New Fundraising for Hair-Raising: Follica Takes in $11 Million for Baldness-Treatment Approach

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hair follicles. Follica licensed that research and has since developed the work further and filed additional patents to protect the technology, the company has previously said.

As we described it back in January: “What’s so beautiful about the approach, [Zohar] says, is that translating it into a treatment for humans involves only devices and drugs that are already on the market. A doctor would first use a microdermabrasion tool, say, or a laser to remove the top layers of the skin—as is already commonly done in a number of dermatologic and cosmetic procedures—knocking some cells back into a primitive state. The doctor can then use this newly created therapeutic window to inject drugs that push the cells to develop along one pathway or another and grow hair or skin. Zohar won’t reveal what drugs Follica is using, except to say that they are small molecule drugs normally taken orally for purposes with no relation to hair growth.”

With the regulatory path relatively clear, Follica’s plan was to use its Series A money to quickly begin a small proof of concept study, involving 15 to 20 patients. Zohar yesterday confirmed that a pilot study is underway but wouldn’t confirm where or give any other details on its timing other than to tacitly stick to the timeline she laid out in January, when she said that final data from the study would not be available for at least a year. “Everything is progressing on track,” she now says. “We are moving as quickly as possible within the constraints of clinically driven medicine.”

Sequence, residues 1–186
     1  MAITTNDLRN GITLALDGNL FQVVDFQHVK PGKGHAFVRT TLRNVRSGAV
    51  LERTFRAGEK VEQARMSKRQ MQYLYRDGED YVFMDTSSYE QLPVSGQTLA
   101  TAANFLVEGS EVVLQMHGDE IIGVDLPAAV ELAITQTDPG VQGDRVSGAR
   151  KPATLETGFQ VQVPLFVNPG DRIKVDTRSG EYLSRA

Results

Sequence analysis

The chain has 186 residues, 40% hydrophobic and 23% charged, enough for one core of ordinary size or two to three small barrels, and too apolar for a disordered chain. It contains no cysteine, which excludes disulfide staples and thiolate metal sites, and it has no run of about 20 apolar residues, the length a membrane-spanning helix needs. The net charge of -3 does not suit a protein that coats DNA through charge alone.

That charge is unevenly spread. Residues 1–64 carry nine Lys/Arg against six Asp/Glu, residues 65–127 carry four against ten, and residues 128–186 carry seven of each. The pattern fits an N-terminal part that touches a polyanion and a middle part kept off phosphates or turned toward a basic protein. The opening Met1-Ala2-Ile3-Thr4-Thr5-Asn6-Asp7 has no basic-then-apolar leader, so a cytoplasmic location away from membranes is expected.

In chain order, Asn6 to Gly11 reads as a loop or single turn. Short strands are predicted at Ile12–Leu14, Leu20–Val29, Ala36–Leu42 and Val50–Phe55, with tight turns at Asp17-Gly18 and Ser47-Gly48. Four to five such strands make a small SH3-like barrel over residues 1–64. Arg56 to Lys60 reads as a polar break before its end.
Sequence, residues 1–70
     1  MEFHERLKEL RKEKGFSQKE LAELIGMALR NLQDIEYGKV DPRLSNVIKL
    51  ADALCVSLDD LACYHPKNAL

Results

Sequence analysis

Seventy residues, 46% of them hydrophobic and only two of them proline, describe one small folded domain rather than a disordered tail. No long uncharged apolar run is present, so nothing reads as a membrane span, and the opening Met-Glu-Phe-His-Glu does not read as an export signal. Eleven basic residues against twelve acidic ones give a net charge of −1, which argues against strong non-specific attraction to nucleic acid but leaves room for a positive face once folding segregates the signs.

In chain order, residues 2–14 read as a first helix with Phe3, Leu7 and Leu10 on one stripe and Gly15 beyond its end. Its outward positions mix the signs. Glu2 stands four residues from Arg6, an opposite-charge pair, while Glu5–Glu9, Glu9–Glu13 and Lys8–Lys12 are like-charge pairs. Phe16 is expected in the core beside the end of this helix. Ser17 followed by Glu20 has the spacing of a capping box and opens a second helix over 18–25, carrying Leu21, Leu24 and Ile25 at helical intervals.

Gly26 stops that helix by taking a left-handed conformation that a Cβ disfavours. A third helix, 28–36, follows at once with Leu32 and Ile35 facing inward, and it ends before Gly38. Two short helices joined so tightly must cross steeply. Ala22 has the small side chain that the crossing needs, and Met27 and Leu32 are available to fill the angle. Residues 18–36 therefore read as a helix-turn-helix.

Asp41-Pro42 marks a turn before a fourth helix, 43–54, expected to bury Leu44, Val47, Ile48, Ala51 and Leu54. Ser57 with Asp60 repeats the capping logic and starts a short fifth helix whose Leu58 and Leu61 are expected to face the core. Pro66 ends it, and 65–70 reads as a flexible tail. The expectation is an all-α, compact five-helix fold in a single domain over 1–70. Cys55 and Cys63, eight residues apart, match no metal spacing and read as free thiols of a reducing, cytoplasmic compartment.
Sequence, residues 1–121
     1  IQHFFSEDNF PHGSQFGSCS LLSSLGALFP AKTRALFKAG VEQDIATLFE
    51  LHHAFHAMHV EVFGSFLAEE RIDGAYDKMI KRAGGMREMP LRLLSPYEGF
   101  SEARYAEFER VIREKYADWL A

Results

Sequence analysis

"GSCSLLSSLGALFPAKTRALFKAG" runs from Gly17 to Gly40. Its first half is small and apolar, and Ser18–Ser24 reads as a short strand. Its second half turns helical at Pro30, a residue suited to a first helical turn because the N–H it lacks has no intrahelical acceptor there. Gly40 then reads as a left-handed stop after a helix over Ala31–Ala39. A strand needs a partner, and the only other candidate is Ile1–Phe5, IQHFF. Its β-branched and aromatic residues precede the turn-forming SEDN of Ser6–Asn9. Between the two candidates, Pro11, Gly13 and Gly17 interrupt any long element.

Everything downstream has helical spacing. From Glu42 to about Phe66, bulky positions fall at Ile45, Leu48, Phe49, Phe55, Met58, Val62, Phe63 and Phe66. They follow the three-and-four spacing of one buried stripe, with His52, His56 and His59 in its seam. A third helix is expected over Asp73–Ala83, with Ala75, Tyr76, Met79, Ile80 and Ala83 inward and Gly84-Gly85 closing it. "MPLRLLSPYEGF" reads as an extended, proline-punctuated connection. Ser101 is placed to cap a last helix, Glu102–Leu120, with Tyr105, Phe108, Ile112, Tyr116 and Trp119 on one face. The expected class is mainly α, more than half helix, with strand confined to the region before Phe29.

Zohar also demurred when I asked about the reports in the reader comments on our story from January that the study only involves testing small patches of dermabrasion without administering any drugs to the wounds. In fact, she wouldn’t even confirm that the researchers were using dermabrasion to create the wounds in the first place. “At this point we are looking at the human response to disruption and the timing of the human ’embryonic window’ post disruption,” she said. “Disruption,” she added, “is not necessarily the same as dermabrasion.”

She declined further comment on the study.

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